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Everything you see today is a product of the past. We make a journey from the street and the catwalk of the new era towards a paradigm initiated in the clubs of the early 90’s. The reason? go beyond streetwear and put the focus on clubber codes: the real influence for an industry that needs immediate update.
Fashion, as a permanent communication tool, joined the new generation in a free way, without a market dependence that exploited streetwear as it does now, without directing movements of sneakerheads or urban fashion addicts.
Techno and acid, the magic of the night and its excesses. Sex, drugs and self-destruction in a parallel world of delirium in which a new artistic movement of fashion and music is born as essential pillars. Because there, at the end of the 80’s is where you begin to see all that movement that connects workwear, skate culture and streetwear in the field of raves, known as clubwear.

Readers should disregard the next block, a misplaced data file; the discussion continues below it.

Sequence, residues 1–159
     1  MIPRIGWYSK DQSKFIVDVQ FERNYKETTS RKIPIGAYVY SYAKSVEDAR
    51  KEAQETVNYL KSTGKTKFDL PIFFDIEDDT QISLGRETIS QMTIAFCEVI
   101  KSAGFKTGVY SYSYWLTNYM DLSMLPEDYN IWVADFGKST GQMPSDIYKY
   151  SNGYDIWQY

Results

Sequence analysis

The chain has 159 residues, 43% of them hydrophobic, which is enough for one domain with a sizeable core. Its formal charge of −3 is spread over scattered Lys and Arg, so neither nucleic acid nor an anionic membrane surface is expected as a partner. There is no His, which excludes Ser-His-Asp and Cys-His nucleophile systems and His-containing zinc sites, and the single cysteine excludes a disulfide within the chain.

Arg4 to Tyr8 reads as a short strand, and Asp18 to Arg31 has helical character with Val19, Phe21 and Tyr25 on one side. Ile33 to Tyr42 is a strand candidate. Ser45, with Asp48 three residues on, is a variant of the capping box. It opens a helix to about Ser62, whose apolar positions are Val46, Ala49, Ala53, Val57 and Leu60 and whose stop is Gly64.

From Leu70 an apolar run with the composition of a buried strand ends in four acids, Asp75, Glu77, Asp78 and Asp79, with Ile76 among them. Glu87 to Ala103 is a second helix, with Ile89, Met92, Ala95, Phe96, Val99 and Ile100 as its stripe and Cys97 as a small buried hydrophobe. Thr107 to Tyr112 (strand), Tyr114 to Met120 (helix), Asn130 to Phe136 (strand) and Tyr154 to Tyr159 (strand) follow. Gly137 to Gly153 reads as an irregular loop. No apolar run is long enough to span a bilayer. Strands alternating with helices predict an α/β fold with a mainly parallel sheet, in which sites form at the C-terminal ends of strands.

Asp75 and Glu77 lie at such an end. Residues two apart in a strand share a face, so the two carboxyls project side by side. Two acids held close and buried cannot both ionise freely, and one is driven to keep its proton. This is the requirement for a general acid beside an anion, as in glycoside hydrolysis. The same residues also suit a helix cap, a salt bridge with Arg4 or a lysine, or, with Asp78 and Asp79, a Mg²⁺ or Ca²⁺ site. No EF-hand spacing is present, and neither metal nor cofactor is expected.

All that clubber imaginary has now become the main axis that leads designers to look for references in a past in which fashion flowed naturally, to look for something fresh as Woolrich did in that collection with Jeff Griffin based on parameters of camouflage and club references, as well as Prada and his sporty inspiration connected to techno culture.
La moda, como herramienta de comunicación permanente, se unía a la new generation de manera libre, sin una dependencia marketiniana que explotase el streetwear como lo hace ahora, sin dirigir movimientos de sneakerheads o adictos a la moda urbana.